UPDATE: 3:40 PM EST
Baseball Commissioner Allan H. (Bud) Selig released this official statement regarding Alex Rodriguez’s 211 game suspension without pay and the discipline issued to players in relation to Major League Baseball’s Biogenesis investigation:
“Major League Baseball has worked diligently with the Players Association for more than a decade to make our Joint Drug Program the best in all of professional sports. I am proud of the comprehensive nature of our efforts – not only with regard to random testing, groundbreaking blood testing for human Growth Hormone and one of the most significant longitudinal profiling programs in the world, but also our investigative capabilities, which proved vital to the Biogenesis case. Upon learning that players were linked to the use of performance-enhancing drugs, we vigorously pursued evidence that linked those individuals to violations of our Program. We conducted a thorough, aggressive investigation guided by facts so that we could justly enforce our rules.
“Despite the challenges this situation has created during a great season on the field, we pursued this matter because it was not only the right thing to do, but the only thing to do. For weeks, I have noted the many players throughout the game who have strongly voiced their support on this issue, and I thank them for it. I appreciate the unwavering support of our owners and club personnel, who share my ardent desire to address this situation appropriately. I am also grateful to the Professional Baseball Athletic Trainers Society and our club physicians, who were instrumental in the banning of amphetamines and whose expertise remains invaluable to me. As an institution, we have made unprecedented strides together.
“It is important to point out that 16,000 total urine and blood tests were conducted on players worldwide under MLB Drug Programs in 2012. With the important additions of the hGH testing and longitudinal profiling this season, we are more confident than ever in the effectiveness of the testing program. Those players who have violated the Program have created scrutiny for the vast majority of our players, who play the game the right way.”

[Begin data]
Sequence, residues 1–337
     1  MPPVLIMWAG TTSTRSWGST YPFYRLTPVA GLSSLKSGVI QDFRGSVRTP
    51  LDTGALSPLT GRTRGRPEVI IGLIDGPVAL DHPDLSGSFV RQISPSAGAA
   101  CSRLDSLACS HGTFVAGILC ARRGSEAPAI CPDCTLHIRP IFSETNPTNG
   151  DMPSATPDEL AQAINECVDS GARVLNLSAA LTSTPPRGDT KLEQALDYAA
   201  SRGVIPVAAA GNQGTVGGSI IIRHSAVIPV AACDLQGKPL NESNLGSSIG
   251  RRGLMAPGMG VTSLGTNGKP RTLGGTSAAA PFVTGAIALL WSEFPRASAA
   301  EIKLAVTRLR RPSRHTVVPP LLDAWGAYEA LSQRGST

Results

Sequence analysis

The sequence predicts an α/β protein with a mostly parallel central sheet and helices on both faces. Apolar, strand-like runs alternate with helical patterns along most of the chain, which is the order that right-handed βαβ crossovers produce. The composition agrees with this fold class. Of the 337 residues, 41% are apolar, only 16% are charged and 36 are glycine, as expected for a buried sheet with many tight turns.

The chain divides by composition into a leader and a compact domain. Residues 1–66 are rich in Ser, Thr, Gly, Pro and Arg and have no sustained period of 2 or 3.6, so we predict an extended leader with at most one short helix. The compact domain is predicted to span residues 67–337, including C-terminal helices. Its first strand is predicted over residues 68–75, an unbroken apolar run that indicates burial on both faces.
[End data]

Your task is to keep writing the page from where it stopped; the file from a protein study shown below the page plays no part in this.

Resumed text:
To read the rest of the statement, click here.
Sources close to A-Rod say that the third baseman plans to file an immediate appeal.
According to USA Today:
Rodriguez will be suspended for at least 214 games under terms of the Joint Drug Prevention and Treatment Program, costing him about $34 million, but likely will avoid a lifetime ban by Commissioner Bud Selig for allegedly violating the Collective Bargaining Agreement. The penalty would make Rodriguez ineligible to play until the 2015 regular season, the biggest punishment against a player or manager since Pete Rose agreed to a lifetime ban in 1989 for gambling.
Rodriguez, 38, plans to file an appeal that will be heard within three weeks by arbitrator Fredric Horowitz. Selig could invoke his powers as commissioner to keep Rodriguez from playing until the appeal is heard, but that could prompt Rodriguez to file a lawsuit against the league and the players union to submit a grievance.
A-Rod’s suspension will become official at 3:00 PM EST.
Earlier today, 12 other players accepted drug suspensions from baseball, including New York Yankees catcher Francisco Cervelli and outfielder Fernando Martinez; Philadelphia pitcher Antonio Bastardo; Seattle catcher Jesus Montero; New York Mets infielder Jordany Valdespin and outfielder Cesar Puello; Houston pitcher Sergio Escalona; San Diego pitcher Fautino De Los Santos; and free agent pitcher Jordan Norberto.
SOURCE: USA Today